Seyfarth Synopsis: The New Jersey Senate has failed to override Governor Christie's conditional veto of a bill which would prohibit inquiries into salary history.   New Jersey hoped to join Philadelphia and Massachusetts in banning salary history inquiries, but several bills in New Jersey aimed at pay equity initiatives remain alive.

As uncertainty looms at the federal level as to the approach the Trump Administration will take with respect to pay equity, the focus on pay equity continues at the state level. 

However, at least for now, New Jersey won't join Philadelphia, Massachusetts, and potentially New York City (which, for private employers, is still pending, although Mayor De Blasio recently signed an Executive Order that applies to City employees) in prohibiting inquiries into salary history. This week, the New Jersey Senate could not come up with the votes to override Governor Christie's conditional veto prohibiting such inquiries. In a renewed effort, the Senate attempted to override the Governor's veto.  In a preliminary vote, the Senate voted 23-11 for an override, which was four votes short.  A two-thirds majority of the Senate is required to override a Governor's veto.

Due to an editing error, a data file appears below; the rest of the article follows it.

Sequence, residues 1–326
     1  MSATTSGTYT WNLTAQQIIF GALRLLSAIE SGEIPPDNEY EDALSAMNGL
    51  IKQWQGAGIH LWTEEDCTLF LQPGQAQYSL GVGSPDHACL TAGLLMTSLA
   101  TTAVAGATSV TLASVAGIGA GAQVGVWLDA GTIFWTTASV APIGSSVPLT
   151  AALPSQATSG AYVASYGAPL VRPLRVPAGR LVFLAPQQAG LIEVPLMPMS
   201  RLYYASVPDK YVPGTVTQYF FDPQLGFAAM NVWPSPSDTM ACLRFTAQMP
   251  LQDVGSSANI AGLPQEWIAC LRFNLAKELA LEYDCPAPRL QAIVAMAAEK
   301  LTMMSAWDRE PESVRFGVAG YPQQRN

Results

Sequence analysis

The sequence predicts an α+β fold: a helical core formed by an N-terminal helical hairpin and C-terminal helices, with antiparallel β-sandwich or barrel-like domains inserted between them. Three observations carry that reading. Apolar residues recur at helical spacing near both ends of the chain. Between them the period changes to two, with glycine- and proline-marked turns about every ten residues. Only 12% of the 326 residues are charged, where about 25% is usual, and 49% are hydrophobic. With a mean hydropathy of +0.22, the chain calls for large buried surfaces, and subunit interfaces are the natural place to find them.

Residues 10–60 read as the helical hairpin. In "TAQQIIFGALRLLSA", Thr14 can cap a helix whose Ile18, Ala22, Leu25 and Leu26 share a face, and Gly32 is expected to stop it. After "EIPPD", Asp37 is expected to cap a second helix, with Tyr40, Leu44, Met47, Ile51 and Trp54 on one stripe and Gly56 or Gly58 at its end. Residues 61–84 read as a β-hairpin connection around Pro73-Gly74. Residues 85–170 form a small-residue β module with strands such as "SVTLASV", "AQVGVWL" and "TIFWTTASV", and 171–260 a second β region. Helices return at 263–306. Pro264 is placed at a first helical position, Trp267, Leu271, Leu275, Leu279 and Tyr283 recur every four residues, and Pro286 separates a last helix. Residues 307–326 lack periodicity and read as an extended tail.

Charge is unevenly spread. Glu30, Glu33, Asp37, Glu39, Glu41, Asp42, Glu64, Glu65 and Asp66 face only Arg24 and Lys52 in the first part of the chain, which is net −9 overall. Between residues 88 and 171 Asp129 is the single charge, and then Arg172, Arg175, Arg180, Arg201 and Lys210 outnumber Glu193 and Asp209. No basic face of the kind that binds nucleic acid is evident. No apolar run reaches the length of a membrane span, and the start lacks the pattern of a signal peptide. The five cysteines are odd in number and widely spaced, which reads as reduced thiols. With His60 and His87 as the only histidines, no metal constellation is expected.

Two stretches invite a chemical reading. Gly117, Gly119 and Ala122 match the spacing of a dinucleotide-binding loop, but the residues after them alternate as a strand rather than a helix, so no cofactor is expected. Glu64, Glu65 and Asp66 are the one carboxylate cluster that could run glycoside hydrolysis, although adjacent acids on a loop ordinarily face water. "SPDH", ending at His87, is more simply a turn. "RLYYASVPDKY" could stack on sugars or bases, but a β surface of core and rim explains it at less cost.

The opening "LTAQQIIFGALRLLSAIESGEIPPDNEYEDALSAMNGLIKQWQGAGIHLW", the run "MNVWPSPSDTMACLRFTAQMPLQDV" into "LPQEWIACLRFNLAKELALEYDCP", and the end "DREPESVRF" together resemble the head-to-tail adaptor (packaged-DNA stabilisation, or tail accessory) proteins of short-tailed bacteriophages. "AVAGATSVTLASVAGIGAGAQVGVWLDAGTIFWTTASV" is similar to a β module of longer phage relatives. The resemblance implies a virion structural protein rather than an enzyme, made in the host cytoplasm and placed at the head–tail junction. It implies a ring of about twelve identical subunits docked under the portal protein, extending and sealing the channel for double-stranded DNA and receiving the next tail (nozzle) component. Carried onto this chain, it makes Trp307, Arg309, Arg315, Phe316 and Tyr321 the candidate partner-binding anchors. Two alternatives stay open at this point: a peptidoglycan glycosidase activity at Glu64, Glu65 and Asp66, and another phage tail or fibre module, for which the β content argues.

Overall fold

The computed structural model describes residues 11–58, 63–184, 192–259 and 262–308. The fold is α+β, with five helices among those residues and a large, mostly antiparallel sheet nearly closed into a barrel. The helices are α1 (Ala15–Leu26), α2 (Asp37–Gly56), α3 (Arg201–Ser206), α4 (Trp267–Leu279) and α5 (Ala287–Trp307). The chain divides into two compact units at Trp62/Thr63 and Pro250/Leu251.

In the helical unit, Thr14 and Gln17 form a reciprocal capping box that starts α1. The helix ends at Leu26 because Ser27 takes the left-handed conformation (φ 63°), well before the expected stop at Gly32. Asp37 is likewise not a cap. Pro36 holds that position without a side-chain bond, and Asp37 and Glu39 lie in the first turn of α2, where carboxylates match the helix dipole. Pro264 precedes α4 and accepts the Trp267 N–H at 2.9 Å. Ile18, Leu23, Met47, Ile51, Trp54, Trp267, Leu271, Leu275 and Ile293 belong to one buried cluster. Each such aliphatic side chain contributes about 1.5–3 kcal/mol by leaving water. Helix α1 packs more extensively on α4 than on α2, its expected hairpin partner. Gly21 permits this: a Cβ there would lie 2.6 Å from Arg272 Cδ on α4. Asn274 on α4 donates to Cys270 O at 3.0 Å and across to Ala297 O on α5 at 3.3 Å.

There are additional bills which focus on pay equity that are still pending in New Jersey. Two bills were recently introduced in the New Jersey Assembly by New Jersey Democrats with companion bills in the Senate.  

  • The first Assembly bill would prohibit businesses receiving financial assistance from the New Jersey Economic Development Authority ("NJEDA") from engaging in gender discrimination in pay and would require such businesses to submit reports documenting pay equity compliance.  Assembly Bill 3832 was reported out of Assembly Committee for a second reading.
  • The second Assembly bill would establish the Office for Women's Advancement that would be responsible for conducting research on full and equal participation of women in the workplace, including on pay equity. This Office would also collaborate with other state bodies and seek to advance legislation on pay equity issues. Assembly Bill 4372 was referred to the Assembly Appropriations Committee.
  • Finally, Senate Bill 2535 would prohibit the release of gender discrimination or harassment claims in severance agreements. This bill was referred to the Senate Labor Committee.

We will continue to track this legislation and report on further on further developments as they occur. 

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